The economics of beer

What are the economics of a 12 pack?

Brooklyn Brewery sells a mixed 12-pack with four different beers in it–Brown Ale, Pennant Ale, East India Pale Ale, and and Lager. So, you would think you would get 3 of each, right? Nope.

The sampler contains four Brown Ales, four Lagers, two Pennant Ales, and two East India Ales.  Weird, huh? So, are Pennant and East India premium and thus that is why you only get two?  In six-packs all of the styles of beer are the same price (at our local store), $8.49.

Are they ripping us off or have they found a creative way to give us an extra style of beer in the sampler?

  • Beeronomics.
  • The economics of beer drinking.
  • As for India pale ale (IPA), it was created out of necessity. In the 18th century, England established a military and trading presence in India, and that meant many hot, thirsty Brits craved the quench of their native beer. However, when the motherland exported beer to India, six months on the high seas tended to render it sour, flat, and the opposite of refreshing. In order to better preserve the beer, brewers increased the hops and the alcohol content of their pale ales. Refreshment received. IPA was born.
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6 Responses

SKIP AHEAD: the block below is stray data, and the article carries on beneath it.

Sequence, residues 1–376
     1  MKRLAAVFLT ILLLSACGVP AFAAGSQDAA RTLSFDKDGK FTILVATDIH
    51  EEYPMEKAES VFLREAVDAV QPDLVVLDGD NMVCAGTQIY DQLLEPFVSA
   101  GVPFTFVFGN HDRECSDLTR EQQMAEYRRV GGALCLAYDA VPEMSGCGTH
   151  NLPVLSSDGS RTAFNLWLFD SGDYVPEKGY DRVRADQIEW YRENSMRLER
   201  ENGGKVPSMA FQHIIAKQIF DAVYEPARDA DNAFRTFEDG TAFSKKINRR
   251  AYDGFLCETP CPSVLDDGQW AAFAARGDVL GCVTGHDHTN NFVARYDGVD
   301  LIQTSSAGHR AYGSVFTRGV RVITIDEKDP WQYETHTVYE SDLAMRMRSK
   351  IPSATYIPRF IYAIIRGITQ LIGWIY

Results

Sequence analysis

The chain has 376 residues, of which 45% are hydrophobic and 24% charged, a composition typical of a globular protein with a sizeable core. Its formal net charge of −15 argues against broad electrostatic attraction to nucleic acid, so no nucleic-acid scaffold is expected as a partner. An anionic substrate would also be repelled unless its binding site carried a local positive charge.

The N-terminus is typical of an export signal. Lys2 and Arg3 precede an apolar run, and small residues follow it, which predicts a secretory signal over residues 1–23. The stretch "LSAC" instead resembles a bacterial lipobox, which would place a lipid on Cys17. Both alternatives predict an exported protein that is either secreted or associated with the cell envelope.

1. Pale ale seems to have higher alcohol and perhaps they would price te six packs differently but the consistent pricing just makes the business model easier.

  2. Maybe they brewed a larger batch of the Brown Ale and Lager and take that into consideration when they’re packing the 12 packs. There’s really only one way to find out: a field trip to the Brooklyn Brewery for a tour and Q&A.

    • the tour is not worth the 45 minutes that you stand there and hear someone basically read the history of the company that is on the website or wikipedia. on the other hand the brewery itself is awesome but no free samples of the beer

  3. Maybe in polls Brown Ale and Lager does better so they put more of them in so that the customer satisfaction for the overall experience of the mixed 12 pack is positive?

  4. I always thought India pale ale just didn’t have to age (ferment) as long because it would age on the ship in theory. The added hops is likely the added cost.

  5. […] 14. The economics of beer […]

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